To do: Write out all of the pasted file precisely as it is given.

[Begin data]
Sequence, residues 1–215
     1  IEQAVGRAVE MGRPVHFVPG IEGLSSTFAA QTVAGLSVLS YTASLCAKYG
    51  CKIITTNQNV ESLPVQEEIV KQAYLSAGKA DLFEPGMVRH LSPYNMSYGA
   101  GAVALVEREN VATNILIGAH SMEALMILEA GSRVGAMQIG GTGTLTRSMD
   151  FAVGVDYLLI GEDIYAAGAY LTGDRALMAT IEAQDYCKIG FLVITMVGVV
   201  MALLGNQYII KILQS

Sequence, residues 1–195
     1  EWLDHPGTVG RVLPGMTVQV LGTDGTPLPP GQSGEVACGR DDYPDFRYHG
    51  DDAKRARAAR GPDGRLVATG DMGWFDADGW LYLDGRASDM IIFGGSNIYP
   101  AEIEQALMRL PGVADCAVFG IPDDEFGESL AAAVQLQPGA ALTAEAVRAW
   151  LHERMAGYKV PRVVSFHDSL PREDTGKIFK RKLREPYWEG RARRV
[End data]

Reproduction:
Sequence, residues 1–215
     1  IEQAVGRAVE MGRPVHFVPG IEGLSSTFAA QTVAGLSVLS YTASLCAKYG
    51  CKIITTNQNV ESLPVQEEIV KQAYLSAGKA DLFEPGMVRH LSPYNMSYGA
   101  GAVALVEREN VATNILIGAH SMEALMILEA GSRVGAMQIG GTGTLTRSMD
   151  FAVGVDYLLI GEDIYAAGAY LTGDRALMAT IEAQDYCKIG FLVITMVGVV
   201  MALLGNQYII KILQS

Sequence, residues 1–195
     1  EWLDHPGTVG RVLPGMTVQV LGTDGTPLPP GQSGEVACGR DDYPDFRYHG
    51  DDAKRARAAR GPDGRLVATG DMGWFDADGW LYLDGRASDM IIFGGSNIYP
   101  AEIEQALMRL PGVADCAVFG IPDDEFGESL AAAVQLQPGA ALTAEAVRAW
   151  LHERMAGYKV PRVVSFHDSL PREDTGKIFK RKLREPYWEG RARRV